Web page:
I did.  Maybe in order to control the message?  Maybe because I knew I had to tell them before I updated caringbridge, shared it with the world? (Although neither can read or has access to the internet.)  Maybe because I knew it was one of the most difficult things I’d ever do, and I needed to do it, so let’s rip off the bandaid. Who knows?  But I felt a sense of urgency, and I remember communicating to my sister and sister-in-law that I was going to do it now and seeing a mixture of surprise, alarm, and maybe fear in their eyes.  And in my sister’s eyes: a fierce stealing herself to be whatever would be needed.

The girls were in the playroom, so I went in.  The other grown-ups swarmed in.  I know D was there too, but I don’t remember who had him.  I told the girls I needed to talk to them. They stopped what they were doing and we sat on D’s puzzle-piece play mat. R got in my lap.  Chief (my father-in-law) got on the floor, and A got  in his lap.

I asked if A remembered what I said the night before about what the Doctor’s told me for the first time yesterday.  I said what I wanted to talk to them about was why I had to go back up and lay down… why I was so very tired this morning.  Last night, Chief and I got a call and we had to go back to the hospital in the middle of the night… Daddy fought so hard, but the disease and the infection was too much.  Chief and I were with him. We held his hand.  And Daddy died.

A’s response. R,  I think, at the moment, responded to A’s response.  How could she not? R is my emotional child.  She FEELS her way through life.  She burst into tears too, but I’m not even sure she immediately knew why… other than her sister’s crying was so alarming.  So raw.  So out of character.  And she must have felt everyone else’s response, the mood in the room.

The piercing whaling.  And I cried too.  More silently, but the tears streamed down my face.  I pulled every ounce of strength I possibly could and explained that yes, Daddy died.  He won’t be able to come home now, but he lives in our hearts now.  He loved us so very much, each of us. We loved him so much.  So very much.  He will always live in our hearts.   A’s face.  Her voice, “Daddy died?!!?!?” Her anguish in understanding. It will be forever on my heart.

In the moment, I felt a panic from everyone there.  Who knows how to handle that situation?  No one.  No one should ever have to handle it.  Telling a 4 and 5 year old this news.  But I immediately felt that I was in charge.  The other adults were looking to me, even if I was their baby sister or their daughter-in-law, I was the mother of these two whaling children.  I couldn’t “fix” it, but it was my call how to “handle” it.  I felt that so profoundly in that moment, and so many moments since…I am in charge.  I tried to reassure.  I talked about how daddy was in our hearts, but yes.  Daddy died.  It was so very sad.  I was so very sad too.  We love him, we will remember him.  We will hold him in our hearts.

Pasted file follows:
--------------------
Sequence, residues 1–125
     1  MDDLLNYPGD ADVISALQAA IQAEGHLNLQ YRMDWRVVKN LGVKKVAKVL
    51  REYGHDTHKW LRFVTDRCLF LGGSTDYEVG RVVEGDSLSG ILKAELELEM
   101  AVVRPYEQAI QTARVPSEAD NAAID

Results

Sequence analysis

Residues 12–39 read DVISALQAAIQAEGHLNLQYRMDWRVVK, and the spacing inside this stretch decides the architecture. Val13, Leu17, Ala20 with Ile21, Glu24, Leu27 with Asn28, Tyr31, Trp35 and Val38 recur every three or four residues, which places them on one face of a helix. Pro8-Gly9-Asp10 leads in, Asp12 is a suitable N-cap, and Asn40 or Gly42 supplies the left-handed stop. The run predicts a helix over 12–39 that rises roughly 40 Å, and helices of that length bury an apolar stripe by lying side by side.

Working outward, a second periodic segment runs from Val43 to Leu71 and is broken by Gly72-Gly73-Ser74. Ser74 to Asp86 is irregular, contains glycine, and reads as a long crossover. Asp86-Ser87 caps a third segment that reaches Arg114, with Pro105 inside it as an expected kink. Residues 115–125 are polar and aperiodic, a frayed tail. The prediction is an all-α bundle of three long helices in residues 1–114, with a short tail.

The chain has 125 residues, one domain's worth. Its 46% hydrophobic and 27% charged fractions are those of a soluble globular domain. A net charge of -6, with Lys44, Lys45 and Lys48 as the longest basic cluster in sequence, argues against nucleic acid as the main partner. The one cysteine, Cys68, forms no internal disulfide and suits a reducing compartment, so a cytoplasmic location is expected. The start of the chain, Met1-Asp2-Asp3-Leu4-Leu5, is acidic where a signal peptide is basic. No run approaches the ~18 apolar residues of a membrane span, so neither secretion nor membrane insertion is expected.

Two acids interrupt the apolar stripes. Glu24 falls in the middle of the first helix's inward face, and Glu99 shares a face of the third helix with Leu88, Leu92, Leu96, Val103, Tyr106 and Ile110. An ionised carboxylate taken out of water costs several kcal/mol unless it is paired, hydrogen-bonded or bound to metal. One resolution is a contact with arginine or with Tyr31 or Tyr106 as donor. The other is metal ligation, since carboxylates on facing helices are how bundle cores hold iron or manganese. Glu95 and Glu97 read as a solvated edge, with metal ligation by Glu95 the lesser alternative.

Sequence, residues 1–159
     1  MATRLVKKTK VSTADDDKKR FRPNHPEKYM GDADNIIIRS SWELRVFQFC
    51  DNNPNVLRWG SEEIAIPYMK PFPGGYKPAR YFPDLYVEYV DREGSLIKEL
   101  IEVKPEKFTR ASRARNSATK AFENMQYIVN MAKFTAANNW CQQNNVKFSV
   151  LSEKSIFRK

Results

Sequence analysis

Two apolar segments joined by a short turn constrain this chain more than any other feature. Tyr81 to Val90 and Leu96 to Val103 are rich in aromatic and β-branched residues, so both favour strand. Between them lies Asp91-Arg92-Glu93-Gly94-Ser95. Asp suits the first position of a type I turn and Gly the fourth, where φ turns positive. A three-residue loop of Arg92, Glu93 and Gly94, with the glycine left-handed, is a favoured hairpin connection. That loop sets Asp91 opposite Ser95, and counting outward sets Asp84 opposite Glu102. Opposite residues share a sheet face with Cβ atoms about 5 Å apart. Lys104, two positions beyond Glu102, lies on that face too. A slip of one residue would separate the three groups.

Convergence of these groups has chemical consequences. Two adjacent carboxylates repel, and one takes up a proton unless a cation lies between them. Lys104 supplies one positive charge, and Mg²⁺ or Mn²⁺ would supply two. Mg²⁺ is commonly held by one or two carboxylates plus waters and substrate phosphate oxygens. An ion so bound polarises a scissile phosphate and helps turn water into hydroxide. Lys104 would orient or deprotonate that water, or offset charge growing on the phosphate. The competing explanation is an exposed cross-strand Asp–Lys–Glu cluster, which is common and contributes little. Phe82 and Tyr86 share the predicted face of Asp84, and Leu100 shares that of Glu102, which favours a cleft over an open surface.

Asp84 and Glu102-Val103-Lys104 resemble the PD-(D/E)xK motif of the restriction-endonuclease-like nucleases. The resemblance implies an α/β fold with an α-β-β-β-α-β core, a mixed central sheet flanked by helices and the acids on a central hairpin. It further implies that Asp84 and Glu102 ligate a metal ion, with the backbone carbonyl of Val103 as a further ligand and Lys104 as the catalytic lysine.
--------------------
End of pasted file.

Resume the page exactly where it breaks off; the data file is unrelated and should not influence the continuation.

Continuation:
I have subsequently read a pamphlet someone gave me “talking to Children about a loved one’s death”… of course its all about talking about a grandparent, as that’s most children’s first experience with death.  Not my children.  All of their grandparents are still alive.  The pamphlet says to specifically use “died” rather than “passed away” or “gone to sleep” because these terms are confusing to children.  You need to be direct with them to help them understand.  No one had to tell me that.  All I could think while doing it was “I have no idea what I am doing”…”I have no training in how to do this… in how to deliver the worst news of their young lives”…”How do I do this without completely screwing them up?”  But no one had to tell me to say Daddy died.  No other term was accurate.  He did not “pass away” as people love to say to try to make it sound less harsh. It is harsh. He died.

I remember R popping up very quickly with an urgency to tell people, to tell his friends.  I told the girls we would have a big party, we would invite everyone to come and celebrate Daddy’s life.  Because Daddy was awesome.  He  was amazing.  And he deserves to be celebrated.  I struggled that day, and I struggle now – between the past and present tense.  R ran to their hand-me-down pottery barn play table that just 2 months before she had been writing out invites to her 4th birthday party, and wanted to write invites for Daddy’s friends to come to his party.  We had to tell people.  People had to know.  I told her I would tell them.  Not 15 minutes later she approached her grandfather and said “Chief-y, are you sad because your son died?” with sincerity and compassion.  I honestly don’t know how he maintained any composure at all as he tried to answer his 4-year-old granddaughter’s question.  Knowing she just lost her father, knowing she had no idea yet, really, what that truly meant.